I own a Hyundai Accent that I purchased and paid off here in Panama, so I mostly get around by driving. I typically spend less than $30 a month on gas, and my car insurance is just $58.32 a month. In Panama City, you can take the clean, new, air-conditioned metro across town for less than a dollar. Quick Uber rides in the city are often just $3 to $4. Outside of Panama City, yellow taxis and local buses are easy to use and I rarely spend more than a few dollars. And, of course, many expats choose to live in walkable central areas.

You’ll find that utilities in Panama are also reasonably priced. Power is my biggest expense—I use air conditioning day and night, but as long as I stay under 750 kilowatt hours of use, my bill is under $100 a month. Expats in mountain havens like Boquete find they spend far less, as they don’t need air conditioning or heating.

Water bills tend to be $10 to $30, though you’ll have water, gas, and trash collection included in your rent or condo maintenance fee in many buildings. My high-speed internet allows me to do my work as a writer and photographer (as well as stream shows on Netflix and the like) for $38 a month.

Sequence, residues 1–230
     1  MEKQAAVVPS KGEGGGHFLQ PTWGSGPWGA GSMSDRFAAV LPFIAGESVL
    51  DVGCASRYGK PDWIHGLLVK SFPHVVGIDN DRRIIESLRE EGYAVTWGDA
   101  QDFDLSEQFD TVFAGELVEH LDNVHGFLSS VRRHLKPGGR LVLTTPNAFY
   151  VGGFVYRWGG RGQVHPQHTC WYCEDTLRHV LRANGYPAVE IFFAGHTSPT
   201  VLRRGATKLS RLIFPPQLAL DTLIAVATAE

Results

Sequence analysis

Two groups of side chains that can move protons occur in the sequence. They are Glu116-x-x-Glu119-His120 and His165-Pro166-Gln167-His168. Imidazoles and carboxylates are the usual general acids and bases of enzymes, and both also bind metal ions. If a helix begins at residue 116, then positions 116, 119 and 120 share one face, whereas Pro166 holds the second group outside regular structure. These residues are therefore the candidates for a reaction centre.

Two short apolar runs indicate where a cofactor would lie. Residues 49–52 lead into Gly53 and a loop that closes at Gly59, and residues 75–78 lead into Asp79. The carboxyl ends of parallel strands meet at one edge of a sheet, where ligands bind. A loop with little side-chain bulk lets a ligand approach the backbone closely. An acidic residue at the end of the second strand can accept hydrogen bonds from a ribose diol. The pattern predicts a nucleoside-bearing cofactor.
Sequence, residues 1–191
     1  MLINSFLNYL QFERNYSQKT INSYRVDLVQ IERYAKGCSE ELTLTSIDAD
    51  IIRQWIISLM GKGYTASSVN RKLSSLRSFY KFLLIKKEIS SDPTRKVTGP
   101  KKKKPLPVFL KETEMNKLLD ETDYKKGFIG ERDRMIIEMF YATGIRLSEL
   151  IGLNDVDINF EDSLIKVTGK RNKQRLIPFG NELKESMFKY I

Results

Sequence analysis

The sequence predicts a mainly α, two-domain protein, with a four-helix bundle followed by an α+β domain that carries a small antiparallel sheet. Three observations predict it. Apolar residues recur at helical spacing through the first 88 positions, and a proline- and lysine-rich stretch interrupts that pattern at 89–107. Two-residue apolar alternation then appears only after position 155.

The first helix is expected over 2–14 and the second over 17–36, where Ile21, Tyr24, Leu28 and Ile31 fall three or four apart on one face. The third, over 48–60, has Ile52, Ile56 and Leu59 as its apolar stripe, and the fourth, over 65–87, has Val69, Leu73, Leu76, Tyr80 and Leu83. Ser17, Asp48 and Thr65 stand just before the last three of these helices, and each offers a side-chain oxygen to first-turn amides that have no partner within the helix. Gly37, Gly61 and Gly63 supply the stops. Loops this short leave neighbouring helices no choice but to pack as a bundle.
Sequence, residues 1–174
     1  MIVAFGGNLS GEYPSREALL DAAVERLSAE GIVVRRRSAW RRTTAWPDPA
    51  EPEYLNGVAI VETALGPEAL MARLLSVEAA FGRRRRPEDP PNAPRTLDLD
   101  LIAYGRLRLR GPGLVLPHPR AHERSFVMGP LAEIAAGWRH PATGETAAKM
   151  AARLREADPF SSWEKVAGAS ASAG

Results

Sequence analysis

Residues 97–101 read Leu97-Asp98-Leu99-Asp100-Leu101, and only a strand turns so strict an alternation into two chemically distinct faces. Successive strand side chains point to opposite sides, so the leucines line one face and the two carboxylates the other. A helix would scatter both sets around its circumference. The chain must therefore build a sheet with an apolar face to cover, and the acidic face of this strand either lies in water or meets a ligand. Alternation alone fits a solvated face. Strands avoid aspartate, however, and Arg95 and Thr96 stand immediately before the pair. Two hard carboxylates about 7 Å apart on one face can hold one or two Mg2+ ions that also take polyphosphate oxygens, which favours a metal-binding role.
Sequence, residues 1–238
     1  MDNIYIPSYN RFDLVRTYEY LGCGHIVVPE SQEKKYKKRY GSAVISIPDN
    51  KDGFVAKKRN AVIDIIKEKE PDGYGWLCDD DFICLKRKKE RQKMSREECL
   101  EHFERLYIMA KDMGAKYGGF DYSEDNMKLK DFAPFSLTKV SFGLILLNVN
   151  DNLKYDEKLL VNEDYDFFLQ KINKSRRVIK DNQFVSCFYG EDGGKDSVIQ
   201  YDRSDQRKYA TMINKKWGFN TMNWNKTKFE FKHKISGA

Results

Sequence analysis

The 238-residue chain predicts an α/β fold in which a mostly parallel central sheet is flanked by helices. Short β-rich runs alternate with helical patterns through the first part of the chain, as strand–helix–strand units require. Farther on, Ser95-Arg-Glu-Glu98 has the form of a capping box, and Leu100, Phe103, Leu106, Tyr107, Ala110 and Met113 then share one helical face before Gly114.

Healthcare Costs in Panama

And when it comes to healthcare, Panama is stellar. You can get health insurance for under $200 a month if you successfully apply before age 64. Even if you have zero insurance, doctor’s visits can cost as little as $20, with some services (like vaccines or minor wound care) offered for free or nominal fees of $2 to $5.

Every few months, one expat friend of mine goes to a private clinic to get the same 16 blood tests he used to get at Quest Labs in the U.S.: “Two big differences: Sixteen tests cost me $170 here, versus $1,257 in the U.S… and in Panama, my test results are emailed to me at the end of the next business day,” he says.

The breadth and quality of healthcare services in Panama have contributed more to my financial and emotional well-being than can be accounted for in terms of dollars spent. It’s about not having to stress about the uncertainties that lie ahead. What if one day I need major dental work that isn’t covered by my insurance? Back in the States, I’d sometimes lie awake at night, worrying. Here, I know I’ll be able to find affordable options.

After I moved to the upscale beach community of Coronado, I had a little tooth trouble. I quickly found several local dentists with excellent reputations among the expat crowd. One squeezed me in for a quick evaluation and then met with me later in the week.